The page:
Grieving family speaks out on domestic violence

Flags were flown half-mast at Korokota Marae signalling the sorrow over the death of Patricia Ann McGrath who fell victim to domestic violence. Her brother John McGrath says the family is in shock and dismay but wanted to send the message to rest of the hapū and iwi over the importance of not tolerating domestic violence in any form and encouraging people to act before it’s too late.

While details around the incident continue to unravel, the family says they hold no malice toward Phillip Māhanga; the man accused of assaulting her. While her brother says the majority of the family did not approve of him, the final choice and decision always lay with his sister who chose to stay.

An uncle of 'Woowoo', Hori Tuhiwai says due to the whānau disapproving of her partner, she distanced herself from her family around 14 months ago and many of her family had never even met the man.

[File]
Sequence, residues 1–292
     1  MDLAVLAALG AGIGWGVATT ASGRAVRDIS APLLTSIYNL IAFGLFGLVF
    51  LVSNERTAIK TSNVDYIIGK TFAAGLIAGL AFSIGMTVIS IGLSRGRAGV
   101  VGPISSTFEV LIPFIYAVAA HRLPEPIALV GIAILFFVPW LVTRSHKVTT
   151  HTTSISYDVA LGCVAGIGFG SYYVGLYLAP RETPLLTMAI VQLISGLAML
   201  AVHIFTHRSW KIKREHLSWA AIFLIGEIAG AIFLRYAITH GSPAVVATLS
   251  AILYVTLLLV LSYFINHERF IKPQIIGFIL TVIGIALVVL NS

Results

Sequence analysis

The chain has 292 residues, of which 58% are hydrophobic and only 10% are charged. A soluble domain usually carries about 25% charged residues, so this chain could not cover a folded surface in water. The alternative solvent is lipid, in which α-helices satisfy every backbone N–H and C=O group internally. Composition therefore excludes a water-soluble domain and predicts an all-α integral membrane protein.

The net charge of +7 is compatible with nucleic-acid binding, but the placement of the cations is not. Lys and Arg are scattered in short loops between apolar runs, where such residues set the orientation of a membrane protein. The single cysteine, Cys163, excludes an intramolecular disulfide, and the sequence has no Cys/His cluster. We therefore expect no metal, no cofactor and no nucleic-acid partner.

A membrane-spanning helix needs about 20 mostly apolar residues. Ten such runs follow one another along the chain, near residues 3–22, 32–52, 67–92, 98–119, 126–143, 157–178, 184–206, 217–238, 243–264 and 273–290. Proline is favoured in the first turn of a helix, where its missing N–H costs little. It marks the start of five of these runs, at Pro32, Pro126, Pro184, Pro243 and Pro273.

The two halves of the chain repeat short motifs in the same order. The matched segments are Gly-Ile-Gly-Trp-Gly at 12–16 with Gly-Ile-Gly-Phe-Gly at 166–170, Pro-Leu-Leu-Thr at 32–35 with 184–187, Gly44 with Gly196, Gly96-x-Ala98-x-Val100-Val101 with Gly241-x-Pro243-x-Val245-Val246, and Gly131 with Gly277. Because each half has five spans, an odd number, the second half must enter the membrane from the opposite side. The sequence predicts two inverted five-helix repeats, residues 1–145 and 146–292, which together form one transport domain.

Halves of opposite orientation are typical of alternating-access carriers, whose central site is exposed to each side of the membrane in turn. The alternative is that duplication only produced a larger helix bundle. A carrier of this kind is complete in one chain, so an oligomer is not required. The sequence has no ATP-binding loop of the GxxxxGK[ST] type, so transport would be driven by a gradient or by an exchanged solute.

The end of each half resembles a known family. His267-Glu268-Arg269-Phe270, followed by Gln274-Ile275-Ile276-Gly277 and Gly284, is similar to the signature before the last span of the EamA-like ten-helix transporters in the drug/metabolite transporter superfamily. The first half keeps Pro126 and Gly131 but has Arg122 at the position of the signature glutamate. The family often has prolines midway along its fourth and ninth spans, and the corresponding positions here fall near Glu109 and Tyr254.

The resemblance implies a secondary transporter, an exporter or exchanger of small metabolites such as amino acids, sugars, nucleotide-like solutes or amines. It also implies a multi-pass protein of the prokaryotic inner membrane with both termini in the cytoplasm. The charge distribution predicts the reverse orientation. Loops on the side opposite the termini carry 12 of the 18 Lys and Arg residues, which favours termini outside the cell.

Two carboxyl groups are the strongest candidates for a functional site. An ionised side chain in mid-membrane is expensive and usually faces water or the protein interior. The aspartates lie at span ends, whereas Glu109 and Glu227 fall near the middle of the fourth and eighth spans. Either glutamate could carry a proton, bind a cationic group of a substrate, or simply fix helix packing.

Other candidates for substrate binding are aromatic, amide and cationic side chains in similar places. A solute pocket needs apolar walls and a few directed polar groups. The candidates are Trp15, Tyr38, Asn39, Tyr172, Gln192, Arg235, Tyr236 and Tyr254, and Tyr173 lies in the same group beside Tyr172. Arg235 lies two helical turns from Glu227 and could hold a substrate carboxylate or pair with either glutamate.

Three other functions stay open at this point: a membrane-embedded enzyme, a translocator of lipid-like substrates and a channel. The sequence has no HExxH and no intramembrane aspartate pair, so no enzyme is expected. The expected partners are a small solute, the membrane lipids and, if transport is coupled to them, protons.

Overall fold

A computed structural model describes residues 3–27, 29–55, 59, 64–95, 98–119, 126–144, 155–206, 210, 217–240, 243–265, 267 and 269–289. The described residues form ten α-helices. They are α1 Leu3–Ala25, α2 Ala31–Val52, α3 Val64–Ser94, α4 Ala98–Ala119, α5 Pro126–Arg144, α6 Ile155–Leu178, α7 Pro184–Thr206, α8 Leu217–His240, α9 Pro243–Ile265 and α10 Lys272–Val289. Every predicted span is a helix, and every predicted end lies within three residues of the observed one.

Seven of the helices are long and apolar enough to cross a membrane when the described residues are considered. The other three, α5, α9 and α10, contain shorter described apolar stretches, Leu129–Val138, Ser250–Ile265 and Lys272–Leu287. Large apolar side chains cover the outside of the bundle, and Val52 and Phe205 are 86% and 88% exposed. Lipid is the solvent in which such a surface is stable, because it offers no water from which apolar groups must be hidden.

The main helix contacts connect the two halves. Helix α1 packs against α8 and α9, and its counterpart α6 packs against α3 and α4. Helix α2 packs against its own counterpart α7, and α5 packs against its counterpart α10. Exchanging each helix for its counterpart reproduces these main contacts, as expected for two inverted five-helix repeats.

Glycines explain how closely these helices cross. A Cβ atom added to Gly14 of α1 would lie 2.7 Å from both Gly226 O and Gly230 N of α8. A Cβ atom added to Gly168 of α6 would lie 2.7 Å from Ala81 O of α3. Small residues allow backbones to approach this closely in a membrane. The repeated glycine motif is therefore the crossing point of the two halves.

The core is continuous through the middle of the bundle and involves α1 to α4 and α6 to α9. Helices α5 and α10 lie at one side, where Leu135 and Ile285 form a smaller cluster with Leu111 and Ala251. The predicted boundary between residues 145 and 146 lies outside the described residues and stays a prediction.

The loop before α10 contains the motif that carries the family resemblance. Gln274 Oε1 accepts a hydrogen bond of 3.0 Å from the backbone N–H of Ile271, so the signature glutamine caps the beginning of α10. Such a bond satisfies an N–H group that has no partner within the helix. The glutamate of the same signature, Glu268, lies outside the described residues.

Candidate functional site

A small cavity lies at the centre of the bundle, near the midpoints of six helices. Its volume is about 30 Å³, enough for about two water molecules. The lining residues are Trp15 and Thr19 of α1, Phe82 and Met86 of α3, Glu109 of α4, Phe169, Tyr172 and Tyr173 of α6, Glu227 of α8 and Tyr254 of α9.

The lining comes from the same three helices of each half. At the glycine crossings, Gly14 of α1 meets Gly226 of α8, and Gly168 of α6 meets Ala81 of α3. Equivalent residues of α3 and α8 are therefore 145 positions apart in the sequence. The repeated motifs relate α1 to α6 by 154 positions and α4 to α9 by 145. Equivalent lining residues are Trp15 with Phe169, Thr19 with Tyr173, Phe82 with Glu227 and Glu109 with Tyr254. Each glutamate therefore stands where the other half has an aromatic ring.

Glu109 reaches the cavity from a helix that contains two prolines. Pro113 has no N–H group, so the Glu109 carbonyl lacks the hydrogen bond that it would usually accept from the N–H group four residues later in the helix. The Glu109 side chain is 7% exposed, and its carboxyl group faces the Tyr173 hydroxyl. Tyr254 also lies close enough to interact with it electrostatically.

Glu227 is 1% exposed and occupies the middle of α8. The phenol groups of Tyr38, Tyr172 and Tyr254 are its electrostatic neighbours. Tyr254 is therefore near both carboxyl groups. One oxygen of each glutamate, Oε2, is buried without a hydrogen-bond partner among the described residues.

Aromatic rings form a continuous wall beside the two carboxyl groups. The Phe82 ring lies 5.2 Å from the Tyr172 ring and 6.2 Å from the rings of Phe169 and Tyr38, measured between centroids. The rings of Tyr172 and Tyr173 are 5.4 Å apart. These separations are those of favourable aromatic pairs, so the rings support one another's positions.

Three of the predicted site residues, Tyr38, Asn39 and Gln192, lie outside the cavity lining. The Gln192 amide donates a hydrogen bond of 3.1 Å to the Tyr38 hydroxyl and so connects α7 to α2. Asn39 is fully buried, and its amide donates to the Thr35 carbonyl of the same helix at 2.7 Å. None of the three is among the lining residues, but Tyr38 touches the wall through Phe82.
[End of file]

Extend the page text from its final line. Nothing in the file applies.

The hundreds who gathered to pay their respects were given a white ribbon, the symbol of the global campaign against domestic violence. Family members say they wanted to get the message out to anyone they could about the importance of not tolerating violence toward anyone in the home, whether it be a man, woman or child.

Patricia had worked as a case worker for Work and Income for over 5 years and has been described by those that knew her as a sociable person, one of her aunties Druis Kapu-Barrett described her as a strong hearted woman that would never hurt anyone.

Patricia was survived by her two children who are now with their father and police say it’s likely more serious charges will be laid against Phillip Mahanga who is currently in police custody.

Reporter: Aroha Treacher.